Faking it has never not been an option. Ever since the Anno Domini years took over and Jesus amalgamated his group of merry disciples in dresses with capes, man has faked it. The BC years proved a hairy, training-wheeled mess with unfocused ideas on sexuality and gender roles, so let's…not. To be Crystal-Carrington-clear, by "faking it," I imply owning the characteristics of a woman, for dressing in drag and walking on water naturally fall into place. That place is homosexuality. Gay men simply play women better than women do themselves. Ask Shakespeare. William Shakespeare refused to cast women in his plays not because they dallied in subordinate Elizabethan statuses as historians would lie to you; he cast gay men as women because they exude melodrama, harbor the male dominance gene to control the world and possess an uncanny knack for mixing beauty and bawdy, and screwing a male co-star behind the velvet curtain beats doing it with a woman any time. You know, I'm convinced Queen Elizabeth was a gingered tranny herself. No children, no husband: no uterus. Behind every great woman is a great (homosexual) man, and behind that man is a top.
I absolutely am not professing that I yearn to be a woman. Womanship lingers as hardship, a completely tedious lifestyle, and I simply covet silly escapism and a wider range of couture options, which is precisely what I told Mrs. Roman, my Kindergarten teacher, the first week of my elementary education. "Mrs. Roman, you seem like a fairly open-minded gal (perhaps a little naïve), so I have no hesitation being frank with you about my Kindergarten objectives: learn how to spell my name, monopolize the sandbox, and control the playhouse in the corner of the classroom," I relented. This proclamation befuddled her. While she said she completely understood my desire to spell and retain control over the newly budgeted in-doors sandbox, she asserted that the playhouse was a communal effort to explore household living with my peers and learn how to work together in a sustainable manner. A fear that Mrs. Roman wore dim-wittedness on her shoulder-padded sleeve arose, as I explained: "Okay, let's break this down into simpler constructs for you. This is not The Oregon Trail. Do you see that pink dress with ruffles hanging in the playhouse? The one that obviously belongs to the matron, or boss if you will, of the area? Well, that's going to be my dress. No one else is allowed to wear it during playtime."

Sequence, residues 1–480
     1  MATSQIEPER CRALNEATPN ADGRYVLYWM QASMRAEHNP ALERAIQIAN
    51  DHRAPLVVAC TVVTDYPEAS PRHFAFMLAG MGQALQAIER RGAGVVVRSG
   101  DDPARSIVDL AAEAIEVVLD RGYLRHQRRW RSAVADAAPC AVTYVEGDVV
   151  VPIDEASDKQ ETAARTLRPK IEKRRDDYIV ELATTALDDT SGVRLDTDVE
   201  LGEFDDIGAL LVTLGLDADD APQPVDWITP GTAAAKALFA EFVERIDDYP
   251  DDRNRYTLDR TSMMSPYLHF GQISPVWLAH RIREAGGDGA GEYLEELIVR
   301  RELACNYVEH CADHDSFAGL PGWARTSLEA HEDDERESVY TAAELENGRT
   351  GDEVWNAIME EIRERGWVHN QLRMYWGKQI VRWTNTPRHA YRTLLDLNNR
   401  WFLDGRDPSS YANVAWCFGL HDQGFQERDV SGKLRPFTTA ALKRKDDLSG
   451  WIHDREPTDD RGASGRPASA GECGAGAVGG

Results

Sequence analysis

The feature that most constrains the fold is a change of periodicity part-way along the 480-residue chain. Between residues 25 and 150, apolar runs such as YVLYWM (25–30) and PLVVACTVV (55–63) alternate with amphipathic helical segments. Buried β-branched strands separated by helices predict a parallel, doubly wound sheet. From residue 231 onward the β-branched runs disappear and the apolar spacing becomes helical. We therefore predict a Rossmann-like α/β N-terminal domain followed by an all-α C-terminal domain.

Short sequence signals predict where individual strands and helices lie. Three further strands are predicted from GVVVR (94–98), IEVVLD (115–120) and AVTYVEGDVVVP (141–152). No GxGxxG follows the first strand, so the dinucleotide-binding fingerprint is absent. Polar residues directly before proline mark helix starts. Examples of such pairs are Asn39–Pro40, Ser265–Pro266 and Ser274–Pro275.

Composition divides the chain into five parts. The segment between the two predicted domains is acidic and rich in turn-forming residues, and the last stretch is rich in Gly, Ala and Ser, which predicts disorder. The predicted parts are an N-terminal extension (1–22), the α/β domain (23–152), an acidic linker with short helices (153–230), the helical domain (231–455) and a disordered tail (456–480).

The playhouse shined in the corner of the classroom, a beacon of home economics pouring over a quarter of the space. I marveled at the sheen of sweat stains from the overweight fathers who spent the week before school dumbly nailing by numbers, and the resulting patchwork of plywood, cake-battered caulk, façade-puncturing screws and a spray-painted attempt at brick trompe l'oeil would invite even the most distinguished homeless family. "Reaganomics at his best," I beamed.
My delight dwindled as Ashley Leigh walked out of the playhouse. We'd met several hours before in the cafeteriauditorium and immediately had our own Dirty Harry moment. We loathed each other instantly. Much like the playhouse, she resembled a ramshackled sack filled with caulk, extremely-gingered, kinky-curly hair and appeared covered in her father's sweat. She asked me if I was a boy or a girl. I asked if those were freckles on her pug-face or the dried smatterings of her mother's blood from a blow by her father.